Thursday, January 20, 2011

Mitt Romney Readies for the Road to 2012

Time magazine has a good article profiling Mitt Romney and where he stands, on the eve of the 2012 Presidential campaign’s start. The article is fair and well balanced, addressing the strengths and challenges Romney experienced in his previous 2008 run, as well as in an upcoming run, should he decide to hit the political road again.

Among the observations drawn:

“Aides say Romney long ago decided that his next campaign would start later, run smaller and run smarter, particularly when it comes to managing expectations. "Last time, Mitt's campaign was like IBM. This time, if he runs, he wants to be like JetBlue," says Eric Fehrnstrom, Romney's longtime adviser and spokesman. "Which is to say, more nimble and more efficient and ready to respond." Romney will likely benefit from a new primary calendar that limits the number of states that can hold winner-take-all contests before April 2012. That technical change will allow a candidate like Romney potentially to survive losses to populists like Sarah Palin in Iowa or Mike Huckabee in South Carolina. "Whereas before, Governor Romney had to play in the first handful of states," says Tim Albrecht, Romney's 2008 Iowa spokesman, who does not plan to reprise the role, "he has the ability to play in 30 or 40 states."

And regarding health Care:

In the early months of the campaign, no issue is likely to dominate these discussions more than that of the similarities between Romney's health-reform plan in Massachusetts, which included a mandate that nearly all citizens buy health insurance, and the national plan pushed by Obama and despised by the GOP rank and file. Squaring this circle won't be easy. In a mid-November conference call with campaign donors, Romney argued that his reform did not raise taxes while Obama's did. It was a nuanced distinction, given the federal assistance that Romney depended on to pay for his state's plan. "I think it's kind of a cheap way out," says MIT economist Jonathan Gruber, a supporter of the Obama effort who advised Romney on health reform. ‘The only way we could do it without raising taxes was that the feds paid half the cost.’”

“Romney also repeated the claim he has made since as far back as 2007: there is a big difference between a state-level mandate to purchase health insurance and a national one, which he considers both unconstitutional and unwise.  "A one-size-fits-all national health care system is bound to fail," he said in August 2007 at a speech before the Florida Medical Association. "It ignores the very dramatic differences between states and relies on the Washington bureaucracy to manage." Such distinctions have already been rejected by some Tea Party leaders, but Romney aides say that health care was also an issue in the 2008 Republican primary debates. "We understand that there is more heat on the issue now because of Obamacare," says Fehrnstrom. ‘But everybody brings their record to the race.’”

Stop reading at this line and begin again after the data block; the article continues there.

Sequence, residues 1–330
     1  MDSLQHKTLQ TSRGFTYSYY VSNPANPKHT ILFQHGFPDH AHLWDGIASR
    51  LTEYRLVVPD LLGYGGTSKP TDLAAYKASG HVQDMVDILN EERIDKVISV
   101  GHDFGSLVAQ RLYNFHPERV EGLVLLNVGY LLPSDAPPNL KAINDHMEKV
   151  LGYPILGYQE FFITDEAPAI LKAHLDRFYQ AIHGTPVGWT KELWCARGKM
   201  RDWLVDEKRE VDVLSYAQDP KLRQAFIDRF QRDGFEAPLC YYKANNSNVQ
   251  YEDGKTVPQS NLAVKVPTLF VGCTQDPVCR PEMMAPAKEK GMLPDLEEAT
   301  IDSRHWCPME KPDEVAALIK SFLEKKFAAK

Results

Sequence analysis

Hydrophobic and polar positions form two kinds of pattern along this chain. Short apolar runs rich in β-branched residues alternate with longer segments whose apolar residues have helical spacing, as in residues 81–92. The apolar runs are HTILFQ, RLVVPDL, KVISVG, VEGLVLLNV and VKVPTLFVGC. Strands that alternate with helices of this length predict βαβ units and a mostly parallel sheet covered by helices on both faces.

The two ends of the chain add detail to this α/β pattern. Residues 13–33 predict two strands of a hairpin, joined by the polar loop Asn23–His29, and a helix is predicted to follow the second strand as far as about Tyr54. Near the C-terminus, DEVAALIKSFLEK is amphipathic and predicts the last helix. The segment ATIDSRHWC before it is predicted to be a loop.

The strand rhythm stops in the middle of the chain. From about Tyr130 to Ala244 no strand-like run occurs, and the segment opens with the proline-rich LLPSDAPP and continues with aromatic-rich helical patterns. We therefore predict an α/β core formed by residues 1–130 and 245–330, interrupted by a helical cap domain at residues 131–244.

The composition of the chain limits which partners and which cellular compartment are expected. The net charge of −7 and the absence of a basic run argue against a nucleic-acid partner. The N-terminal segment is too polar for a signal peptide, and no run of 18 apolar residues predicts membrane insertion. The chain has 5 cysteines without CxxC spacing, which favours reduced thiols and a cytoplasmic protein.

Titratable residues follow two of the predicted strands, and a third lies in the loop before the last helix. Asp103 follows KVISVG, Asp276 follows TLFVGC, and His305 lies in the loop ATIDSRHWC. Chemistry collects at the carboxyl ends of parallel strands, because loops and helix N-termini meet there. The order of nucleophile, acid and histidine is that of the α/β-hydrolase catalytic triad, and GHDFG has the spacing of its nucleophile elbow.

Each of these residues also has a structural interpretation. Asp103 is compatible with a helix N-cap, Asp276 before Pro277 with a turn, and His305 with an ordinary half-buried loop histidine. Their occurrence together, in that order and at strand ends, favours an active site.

The article loses some steam towards the end, but overall it’s a good read. It will be interesting to see if the Romney campaign develops as outlined.


BOSMAN said...

Hey Doug,

Let's hope the campaign isn't to much of, on the cheap!

illinoisguy said...

It's dishonest for Mitt's detractors to act as if Mass. received federal money that they were not already receiving, and that other states do not also already receive. They didn't ask for any new federal money whatsoever, and some people continue to act as if they did.

ConMan said...


I think most ant-Romney folks know this. They just want to ignore it.

Right Wingnut said...

Massachusetts will use $764 million from the federal stimulus package to shore up healthcare services and prevent further job and program cuts at hospitals that serve large numbers of poor patients, Gov. Deval Patrick said. The money, which is coming to the state through the Medicaid program, will also enable the state to preserve current benefits and eligibility levels for MassHealth recipients, and for residents who get subsidized health insurance under the 2006 law mandating insurance coverage.

Ann said...

I'm so looking forward to Mitt officially entering the race.

Romney in 2012!

Anonymous said...


I'll second that pleasant thought!